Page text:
Still Zen3 wins in efficiency and I expect Zen3D will match or beat Alder Lake, while also being more efficient, which will make it even better. I like that a lot in a CPU, because I don't have to buy a better cooler each time I upgrade.

    I went from Ryzen 2600 to 3600 to 5600x now on the same budget CPU cooler and the heat and noise is the same. Theoretically I can go to 5950x (not that I intend to) and still be in my 200W cooler's performance bracket and have low noise and good cooling.

    Just because the cooler is rated 200W does not mean I should put a 200W CPU on it, the noise from going full ham would make me throw the PC out of the window, so I would need a more expensive cooler for Alder Lake and probably a bigger PSU (besides the MB, CPU and RAM - last one optional). Yeah, Zen still has the win for me now and more so with Zen3D.
    Reply
  • Alvar "Miles" Udell
    Paired with affordable DDR4 memory at the 1080p resolution, the $409 Core i7-12700K is an impressive 12% faster than the roughly $390 Ryzen 7 5800X in our cumulative performance measurement.


    Might want to adjust the charts to reflect the 5800X's lower price, it still shows $450.
    Reply
  • spongiemaster
    Alvar Miles Udell said:

    Might want to adjust the charts to reflect the 5800X's lower price, it still shows $450.
    All prices listed are MSRP. Do you expect them to constantly monitor prices and update the chart every day as prices move around?
    Reply
  • Alvar "Miles" Udell
    spongiemaster said:
    All prices listed are MSRP. Do you expect them to constantly monitor prices and update the chart every day as prices move around?

    When they're writing a new article they could take 5 minutes to update the chart prices so that prices would reflect current pricing and not year old pricing, especially as lower prices would reflect current MSRP and not initial.
    Reply
  • spongiemaster
    Alvar Miles Udell said:
    When they're writing a new article they could take 5 minutes to update the chart prices so that prices would reflect current pricing and not year old pricing, especially as lower prices would reflect current MSRP and not initial.
    One minute of searching on AMD.com reveals the current MSRP of a 5800x is $449.00

    Products Available For Purchase
    Reply
  • hancor
    That was a really fine article, but the problem is DDR5 supply which is NON-EXISTENT.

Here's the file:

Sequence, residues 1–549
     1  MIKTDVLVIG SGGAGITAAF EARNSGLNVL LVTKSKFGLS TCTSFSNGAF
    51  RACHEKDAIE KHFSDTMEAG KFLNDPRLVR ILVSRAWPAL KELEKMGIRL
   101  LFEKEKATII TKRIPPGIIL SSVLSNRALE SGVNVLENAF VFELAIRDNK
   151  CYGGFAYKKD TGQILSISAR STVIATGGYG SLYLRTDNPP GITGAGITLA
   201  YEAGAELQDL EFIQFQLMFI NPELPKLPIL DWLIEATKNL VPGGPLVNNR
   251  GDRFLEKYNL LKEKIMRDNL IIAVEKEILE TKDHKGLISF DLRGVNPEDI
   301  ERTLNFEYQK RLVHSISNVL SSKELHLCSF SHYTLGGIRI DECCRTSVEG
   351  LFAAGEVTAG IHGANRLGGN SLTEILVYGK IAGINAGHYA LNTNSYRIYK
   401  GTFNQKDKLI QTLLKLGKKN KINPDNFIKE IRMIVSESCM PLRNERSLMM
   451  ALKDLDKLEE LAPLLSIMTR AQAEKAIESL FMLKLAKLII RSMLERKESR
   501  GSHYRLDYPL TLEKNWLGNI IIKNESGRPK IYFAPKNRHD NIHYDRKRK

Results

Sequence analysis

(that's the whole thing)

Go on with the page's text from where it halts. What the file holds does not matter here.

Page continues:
DDR5 is essentially UNOBTAINIUM, except for reviewers on the interwebs.

    I went with an X570S high end mobo, and a place holder 5600X until the 3D V-Cache CPUs come out in Q1 of 2022. With memory clocked at around 4000MT/s and a 15% bump in 3D V-Cache it should be plenty until the "Blue Team" sort out their supply chain/pandemic/ garbage.

    DDR5 Memory Are Out of Stock Everywhere Due To Shortage of PMIC Chips
    "Sources said that the PMIC chip is currently in very short supply, while the purchase price of the PMIC chip to be used in DDR5 memory is 10 times more expensive than the corresponding chip in D4, and the procurement cycle is at least 35 weeks."
    35 weeks is well out until June/July 2022 so if one is building a system NOW, that is a long time!

    And no one at Intel figured there was a supply chain issue with PMIC chips before they released all these motherboards for sale?

    Sorry but that situation is beyond stupid.

    Fortunately, the most critical piece a graphics card I got from EVGA 3080 FTW3 Ultra came two weeks ago after being on the waiting list for ONE YEAR!

    Cheers

    Hans
    Reply
  • Makaveli
    Good review but I did find this paragraph amusing.

    "The Core i7-12700K also has a much more modern platform than AMD's AM4 ecosystem. Leading-edge DDR5 and PCIe 5.0 interfaces will add some cost in the early days, but support for DDR4 can help reduce that overhead. It's also clear that you won't need to adopt pricey DDR5 memory to unlock the best gaming performance — unless you have a very specific need for DDR5 throughput, it's probably best to skip it until it matures further. "

    It starts off saying LGA 1700 is a much more modern platform. Then the rest of the paragraph is saying it will add cost and you should skip it until it matures.

    So it that a positive or a negative?
    Reply